• Ensure exception messages are read from the resource file. It’s important to localize exception message strings because these strings for unhandled exceptions can appear to the user. Hilo defines the IResourceLoader interface to load string resources.


    public interface class IResourceLoader
        Platform::String^ GetString(Platform::String^ value);

    The LocalResourceLoader class derives from IResourceLoader and uses the ResourceLoader class to load strings from the resource file.


    String^ LocalResourceLoader::GetString(String^ value)
        auto loader = ref new ResourceLoader();
        return loader->GetString(value);

    When we provide a message when we throw a Windows Runtime exception, we use the LocalResourceLoader class to read the message text. Here’s an example.


    void WideFiveImageTile::SetImageFilePaths(const vector<wstring>& fileNames)
        if (fileNames.size() > MaxTemplateImages)
            throw ref new FailureException(m_loader->GetString("ErrorWideTileTooBig"));
        m_fileNames = fileNames;

    For the en-US locale, we define "ErrorWideTileTooBig" as "Wide tile can only take up to 5 images." Other locales have messages that convey the same error. For example, the Strings/ja-JP/Resources.resw file contains an equivalent Japanese string, which is "ワイドタイルは5イメージまでしか".

    Note We define the IResourceLoader interface for testing. In the HiloTests project, we define the StubResourceLoader class, which uses hard-coded strings instead of localized strings. Using mock data in this way can make it easier to isolate tests to focus on specific functionality.

  • Use the Calendar class to support world calendars. Hilo uses methods and properties of the Windows::Globalization::Calendar class. For example, Hilo gets the Calendar::NumberOfMonthsInThisYear property to determine the number of months in the current year, rather than assuming that there are always 12 months in every year. Hilo's calendar logic can be found in the CalendarExtensions.cpp file.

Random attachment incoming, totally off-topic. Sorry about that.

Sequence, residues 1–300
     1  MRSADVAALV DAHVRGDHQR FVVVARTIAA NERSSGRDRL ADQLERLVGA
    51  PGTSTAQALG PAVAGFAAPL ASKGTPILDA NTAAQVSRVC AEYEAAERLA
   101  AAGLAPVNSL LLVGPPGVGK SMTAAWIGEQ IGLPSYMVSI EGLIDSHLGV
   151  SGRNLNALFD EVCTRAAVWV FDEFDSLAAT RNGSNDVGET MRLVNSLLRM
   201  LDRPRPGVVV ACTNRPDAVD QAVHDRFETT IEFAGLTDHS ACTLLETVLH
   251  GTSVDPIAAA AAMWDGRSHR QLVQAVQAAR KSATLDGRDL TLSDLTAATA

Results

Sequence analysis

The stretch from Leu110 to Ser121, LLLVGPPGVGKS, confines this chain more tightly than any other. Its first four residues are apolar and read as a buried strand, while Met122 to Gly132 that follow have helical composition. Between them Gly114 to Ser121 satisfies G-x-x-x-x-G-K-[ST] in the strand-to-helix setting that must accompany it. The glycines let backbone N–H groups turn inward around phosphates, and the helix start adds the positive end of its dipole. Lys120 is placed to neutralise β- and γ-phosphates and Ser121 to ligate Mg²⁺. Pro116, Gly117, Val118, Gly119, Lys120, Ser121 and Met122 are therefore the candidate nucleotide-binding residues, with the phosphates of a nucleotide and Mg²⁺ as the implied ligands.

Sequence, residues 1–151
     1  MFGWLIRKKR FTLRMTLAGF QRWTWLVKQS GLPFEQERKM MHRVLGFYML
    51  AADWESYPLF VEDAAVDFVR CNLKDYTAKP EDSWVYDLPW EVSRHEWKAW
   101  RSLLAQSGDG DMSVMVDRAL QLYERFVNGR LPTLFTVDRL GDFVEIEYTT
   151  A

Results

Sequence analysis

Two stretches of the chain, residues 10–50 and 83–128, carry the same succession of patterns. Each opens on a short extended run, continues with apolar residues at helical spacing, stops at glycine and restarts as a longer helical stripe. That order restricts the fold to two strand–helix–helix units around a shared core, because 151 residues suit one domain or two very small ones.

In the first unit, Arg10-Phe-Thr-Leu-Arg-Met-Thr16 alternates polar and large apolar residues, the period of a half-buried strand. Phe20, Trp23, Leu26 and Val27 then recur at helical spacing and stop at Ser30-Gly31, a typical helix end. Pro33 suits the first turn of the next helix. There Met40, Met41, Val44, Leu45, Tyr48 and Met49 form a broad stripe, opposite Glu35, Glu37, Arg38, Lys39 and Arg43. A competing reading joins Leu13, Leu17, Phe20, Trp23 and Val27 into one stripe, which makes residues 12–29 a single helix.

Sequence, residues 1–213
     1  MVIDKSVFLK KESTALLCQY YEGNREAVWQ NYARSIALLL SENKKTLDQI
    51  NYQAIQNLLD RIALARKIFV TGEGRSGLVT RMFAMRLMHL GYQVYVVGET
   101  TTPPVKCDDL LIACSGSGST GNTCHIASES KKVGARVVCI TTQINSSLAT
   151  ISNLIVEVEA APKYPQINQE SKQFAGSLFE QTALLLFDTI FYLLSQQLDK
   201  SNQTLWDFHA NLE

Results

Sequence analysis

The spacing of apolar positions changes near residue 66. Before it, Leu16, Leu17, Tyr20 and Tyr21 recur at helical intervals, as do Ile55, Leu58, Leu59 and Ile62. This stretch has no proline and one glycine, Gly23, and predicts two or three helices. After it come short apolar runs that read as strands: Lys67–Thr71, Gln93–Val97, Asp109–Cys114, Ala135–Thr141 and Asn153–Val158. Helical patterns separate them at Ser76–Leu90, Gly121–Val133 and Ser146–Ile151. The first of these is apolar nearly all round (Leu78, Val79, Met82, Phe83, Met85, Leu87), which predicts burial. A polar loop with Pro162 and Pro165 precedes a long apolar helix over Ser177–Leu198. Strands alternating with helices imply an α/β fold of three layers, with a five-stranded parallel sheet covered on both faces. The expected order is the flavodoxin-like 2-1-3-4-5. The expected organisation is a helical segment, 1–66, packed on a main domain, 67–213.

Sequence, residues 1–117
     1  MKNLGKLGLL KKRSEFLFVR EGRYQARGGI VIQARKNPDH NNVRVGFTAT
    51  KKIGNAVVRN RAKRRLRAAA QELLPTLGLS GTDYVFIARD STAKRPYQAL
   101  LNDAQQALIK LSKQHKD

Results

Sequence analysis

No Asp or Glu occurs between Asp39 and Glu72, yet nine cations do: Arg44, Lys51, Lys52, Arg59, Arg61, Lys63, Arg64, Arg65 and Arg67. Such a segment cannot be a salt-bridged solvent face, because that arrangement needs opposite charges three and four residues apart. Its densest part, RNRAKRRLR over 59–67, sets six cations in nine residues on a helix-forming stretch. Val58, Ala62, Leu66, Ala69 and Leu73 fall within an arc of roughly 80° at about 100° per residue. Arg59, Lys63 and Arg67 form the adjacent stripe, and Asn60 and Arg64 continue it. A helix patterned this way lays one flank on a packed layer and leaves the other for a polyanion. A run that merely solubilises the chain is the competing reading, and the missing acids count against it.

You can test your app's localization by configuring the list of preferred languages in Control Panel. For more info about making your app world-ready, see How to prepare for localization, Guidelines for app resources, and Quickstart: Translating UI resources.

Testing your app with the Windows App Certification Kit

To give your app the best chance of being certified, validate it by using the Windows App Certification Kit. The kit performs a number of tests to verify that your app meets certain certification requirements for the Windows Store. These tests include:

  • Examining the app manifest to verify that its contents are correct.
  • Inspecting the resources defined in the app manifest to ensure that they are present and valid.
  • Testing the app's resilience and stability.
  • Determining how quickly the app starts and how fast it suspends.
  • Inspecting the app to verify that it calls only APIs for Windows Store apps.
  • Verifying that the app uses Windows security features.

You must run the Windows App Certification Kit on a release build of your app; otherwise, validation fails. For more info, see How to: Set Debug and Release Configurations.